As we read Psalm 31, however, there is an important thing that we need to take note of and that is the direction of the expression of grief. The Psalmist expresses these feelings to God. He prays for mercy. He addresses his concerns to the Lord. I think that this is a wise word for us. At this time, I would like to invite us to take a moment of silence to express our grief and sorrow and to pray to God about the grief and sorrow of all those who are closest to the situation. Let us take a moment of silent prayer as we express our grief to God.
B. Recognize the Fear
Another emotion that will have been present with us at this time is fear. The same MCC letter that I mentioned earlier gave a list of things that we might fear. They wrote, “We are fearful that there may be further violence and counter-violence that whole groups of people may be scapegoated for the actions of a few and that suddenly the world seems a much less safe place.”
Psalm 55:4-8 expresses these feelings of fear. “My heart is in anguish within me; the terrors of death assail me. Fear and trembling have beset me; horror has overwhelmed me. I said, “Oh, that I had the wings of a dove! I would fly away and be at rest— I would flee far away and stay in the desert; I would hurry to my place of shelter, far from the tempest and storm.”
Once again, we can see that it is alright to express and recognize that these events are not comfortable events. There are things that have happened which destroy all the confidence and security which we might have in this world and in the structure of this world. Although we recognize that the peace and safety we live with are in some ways an exception in this world, we have gotten used to it and to have it shaken is a terrifying experience. We can express these feelings of fear.
But I have to tell you something about what happened when I was looking for these verses on fear. I had to look for a while. Most of the verses on fear in the Bible give us another direction, a direction which we have every reason to take. We need to take note of verses like Psalm 3:5,6, “because the LORD sustains me. I will not fear the tens of thousands drawn up against me on every side.” Psalm 27:1, “The LORD is my light and my salvation— whom shall I fear? The LORD is the stronghold of my life— of whom shall I be afraid?” and John 14:27, “Peace I leave with you; my peace I give you. I do not give to you as the world gives. Do not let your hearts be troubled and do not be afraid.”
So as we acknowledge and even express our fears to the Lord, I know that what we will find is that God sustains us in those fears and we can cling to Him and find peace in Him.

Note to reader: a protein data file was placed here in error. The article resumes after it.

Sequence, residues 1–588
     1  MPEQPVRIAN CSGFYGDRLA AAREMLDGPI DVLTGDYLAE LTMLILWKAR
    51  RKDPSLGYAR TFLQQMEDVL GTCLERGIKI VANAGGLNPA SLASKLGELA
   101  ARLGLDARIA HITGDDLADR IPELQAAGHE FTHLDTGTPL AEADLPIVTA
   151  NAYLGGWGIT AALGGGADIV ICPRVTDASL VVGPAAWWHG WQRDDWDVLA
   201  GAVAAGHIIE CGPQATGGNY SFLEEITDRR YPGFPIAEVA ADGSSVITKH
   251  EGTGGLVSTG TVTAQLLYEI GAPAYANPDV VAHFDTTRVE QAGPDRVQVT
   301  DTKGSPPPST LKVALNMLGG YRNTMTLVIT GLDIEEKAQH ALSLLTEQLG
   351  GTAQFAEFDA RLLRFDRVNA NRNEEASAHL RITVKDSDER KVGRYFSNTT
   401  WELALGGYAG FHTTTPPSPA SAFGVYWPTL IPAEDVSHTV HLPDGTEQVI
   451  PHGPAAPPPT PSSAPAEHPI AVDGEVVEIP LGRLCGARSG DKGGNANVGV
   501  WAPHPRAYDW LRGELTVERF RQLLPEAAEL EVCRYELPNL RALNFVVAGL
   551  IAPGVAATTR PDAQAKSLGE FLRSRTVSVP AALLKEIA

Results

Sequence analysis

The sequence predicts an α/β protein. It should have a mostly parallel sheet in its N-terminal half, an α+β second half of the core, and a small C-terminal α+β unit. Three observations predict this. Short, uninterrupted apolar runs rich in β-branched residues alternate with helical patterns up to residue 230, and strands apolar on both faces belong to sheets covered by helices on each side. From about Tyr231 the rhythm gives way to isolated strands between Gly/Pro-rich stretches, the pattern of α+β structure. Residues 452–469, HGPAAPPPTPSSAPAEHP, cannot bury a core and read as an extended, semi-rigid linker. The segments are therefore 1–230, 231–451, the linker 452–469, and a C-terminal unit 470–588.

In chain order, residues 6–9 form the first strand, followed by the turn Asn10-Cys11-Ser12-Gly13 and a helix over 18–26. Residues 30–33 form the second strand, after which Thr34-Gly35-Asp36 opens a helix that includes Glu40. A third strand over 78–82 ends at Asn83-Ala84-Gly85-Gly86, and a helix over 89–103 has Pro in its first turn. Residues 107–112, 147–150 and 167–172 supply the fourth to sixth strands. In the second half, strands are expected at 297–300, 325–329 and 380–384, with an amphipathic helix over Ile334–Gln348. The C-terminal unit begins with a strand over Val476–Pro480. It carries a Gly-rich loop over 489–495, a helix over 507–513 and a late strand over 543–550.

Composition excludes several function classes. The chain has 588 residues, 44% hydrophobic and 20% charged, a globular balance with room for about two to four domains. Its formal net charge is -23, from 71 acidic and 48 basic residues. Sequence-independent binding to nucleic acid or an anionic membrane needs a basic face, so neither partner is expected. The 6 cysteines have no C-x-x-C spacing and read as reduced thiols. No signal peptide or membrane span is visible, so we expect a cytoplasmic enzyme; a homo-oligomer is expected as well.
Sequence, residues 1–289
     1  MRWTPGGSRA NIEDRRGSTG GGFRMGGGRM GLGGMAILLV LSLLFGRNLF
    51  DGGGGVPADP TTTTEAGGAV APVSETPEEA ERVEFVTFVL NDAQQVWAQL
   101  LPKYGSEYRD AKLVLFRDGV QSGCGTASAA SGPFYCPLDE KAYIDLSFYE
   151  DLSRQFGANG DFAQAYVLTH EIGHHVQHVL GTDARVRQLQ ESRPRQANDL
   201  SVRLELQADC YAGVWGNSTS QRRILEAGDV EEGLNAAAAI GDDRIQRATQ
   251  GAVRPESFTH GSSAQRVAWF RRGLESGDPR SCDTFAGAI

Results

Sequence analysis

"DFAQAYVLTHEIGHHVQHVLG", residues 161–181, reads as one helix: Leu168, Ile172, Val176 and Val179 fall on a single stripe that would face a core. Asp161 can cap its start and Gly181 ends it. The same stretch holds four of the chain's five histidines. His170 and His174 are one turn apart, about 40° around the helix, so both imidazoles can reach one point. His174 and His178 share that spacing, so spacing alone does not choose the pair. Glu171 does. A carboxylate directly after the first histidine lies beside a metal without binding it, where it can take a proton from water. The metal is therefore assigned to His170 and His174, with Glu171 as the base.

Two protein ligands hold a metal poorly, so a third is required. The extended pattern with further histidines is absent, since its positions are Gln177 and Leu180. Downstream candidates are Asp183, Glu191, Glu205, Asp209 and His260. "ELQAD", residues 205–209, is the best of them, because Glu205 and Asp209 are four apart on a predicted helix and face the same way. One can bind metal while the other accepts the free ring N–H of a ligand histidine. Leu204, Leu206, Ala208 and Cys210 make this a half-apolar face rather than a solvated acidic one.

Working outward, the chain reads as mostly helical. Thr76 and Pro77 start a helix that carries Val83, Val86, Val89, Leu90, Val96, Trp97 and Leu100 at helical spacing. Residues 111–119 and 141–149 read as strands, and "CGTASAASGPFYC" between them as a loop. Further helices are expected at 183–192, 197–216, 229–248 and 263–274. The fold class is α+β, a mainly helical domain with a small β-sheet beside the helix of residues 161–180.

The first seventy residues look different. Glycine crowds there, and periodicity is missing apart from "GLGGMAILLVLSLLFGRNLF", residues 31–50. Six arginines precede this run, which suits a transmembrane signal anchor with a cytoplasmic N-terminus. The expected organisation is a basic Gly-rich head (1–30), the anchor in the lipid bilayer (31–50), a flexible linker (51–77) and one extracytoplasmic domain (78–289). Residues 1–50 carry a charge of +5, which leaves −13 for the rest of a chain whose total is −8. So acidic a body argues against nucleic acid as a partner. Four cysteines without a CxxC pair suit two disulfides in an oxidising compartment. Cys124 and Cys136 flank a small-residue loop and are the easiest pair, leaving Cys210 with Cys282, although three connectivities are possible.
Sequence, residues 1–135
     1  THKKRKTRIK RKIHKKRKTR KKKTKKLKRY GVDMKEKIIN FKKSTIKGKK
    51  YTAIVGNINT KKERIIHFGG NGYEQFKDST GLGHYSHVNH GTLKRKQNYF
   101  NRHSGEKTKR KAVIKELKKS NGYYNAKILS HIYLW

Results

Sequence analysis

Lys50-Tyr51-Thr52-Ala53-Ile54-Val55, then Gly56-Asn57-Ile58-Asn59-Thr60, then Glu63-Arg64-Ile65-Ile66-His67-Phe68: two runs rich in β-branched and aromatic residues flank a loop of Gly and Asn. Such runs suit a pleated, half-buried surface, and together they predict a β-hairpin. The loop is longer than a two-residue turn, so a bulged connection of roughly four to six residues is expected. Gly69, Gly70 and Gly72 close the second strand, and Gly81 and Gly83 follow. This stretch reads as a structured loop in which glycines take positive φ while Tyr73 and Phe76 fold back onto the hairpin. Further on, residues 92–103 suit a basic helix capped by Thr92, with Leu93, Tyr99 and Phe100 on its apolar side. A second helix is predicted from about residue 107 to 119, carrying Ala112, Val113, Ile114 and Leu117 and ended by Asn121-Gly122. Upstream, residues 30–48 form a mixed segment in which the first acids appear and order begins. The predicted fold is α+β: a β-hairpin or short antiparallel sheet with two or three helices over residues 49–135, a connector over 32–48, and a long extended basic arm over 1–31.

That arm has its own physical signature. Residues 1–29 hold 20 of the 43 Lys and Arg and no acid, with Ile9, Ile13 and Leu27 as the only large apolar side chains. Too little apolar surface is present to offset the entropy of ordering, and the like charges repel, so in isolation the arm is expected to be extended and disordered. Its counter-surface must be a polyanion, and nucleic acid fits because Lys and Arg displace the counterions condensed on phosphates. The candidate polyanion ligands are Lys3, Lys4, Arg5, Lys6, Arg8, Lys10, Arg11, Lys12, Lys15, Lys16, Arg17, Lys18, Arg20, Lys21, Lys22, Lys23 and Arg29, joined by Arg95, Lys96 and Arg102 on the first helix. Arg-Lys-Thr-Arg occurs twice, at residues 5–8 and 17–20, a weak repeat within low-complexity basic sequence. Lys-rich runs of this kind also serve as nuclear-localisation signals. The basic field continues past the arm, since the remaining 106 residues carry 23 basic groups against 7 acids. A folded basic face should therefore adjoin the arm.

C. Reject the Hatred
A third thing that we may feel is anger. In the MCC document they wrote, “We are angered by those who planned and carried out these devastating attacks and by those who hold such low regard for the human life that you have created.” Such anger is appropriate because what was done is very wrong. It is one thing to attack a military installation, but to use innocent people on an airplane as a weapon to attack innocent people working in a building is completely evil. As we feel this anger, however, we need to be very careful.
We need to be careful that we do not broadcast our anger against innocent people. To hate Muslims or people of Arab descent just because it may have been Muslims or Arab people who planned and carried out the attack is wrong. The fear that Muslim families even in Winnipeg are feeling at this time is not right. We should not in any way allow our anger to turn into hatred of those who are innocent.
However, even more challenging, this is a time for us to really learn what Jesus meant when he said in Matthew 5:44, “Love your enemies and pray for those who persecute you…” The wounds may be a little fresh yet and it may be hard for us to really grasp how we can do that, but I think that we should recognize that this is the direction that our thinking should take us as Christians as we continue to process the feelings which we are dealing with.
Some of the ways in which we can express these things is to follow the thoughts sent to us by MCC. They encourage us to pray “that U.S. leaders may exercise restraint and caution in any response, that all groups who resort to violent means may turn from their ways and that we ourselves may witness more faithfully and boldly” to the good news of Jesus.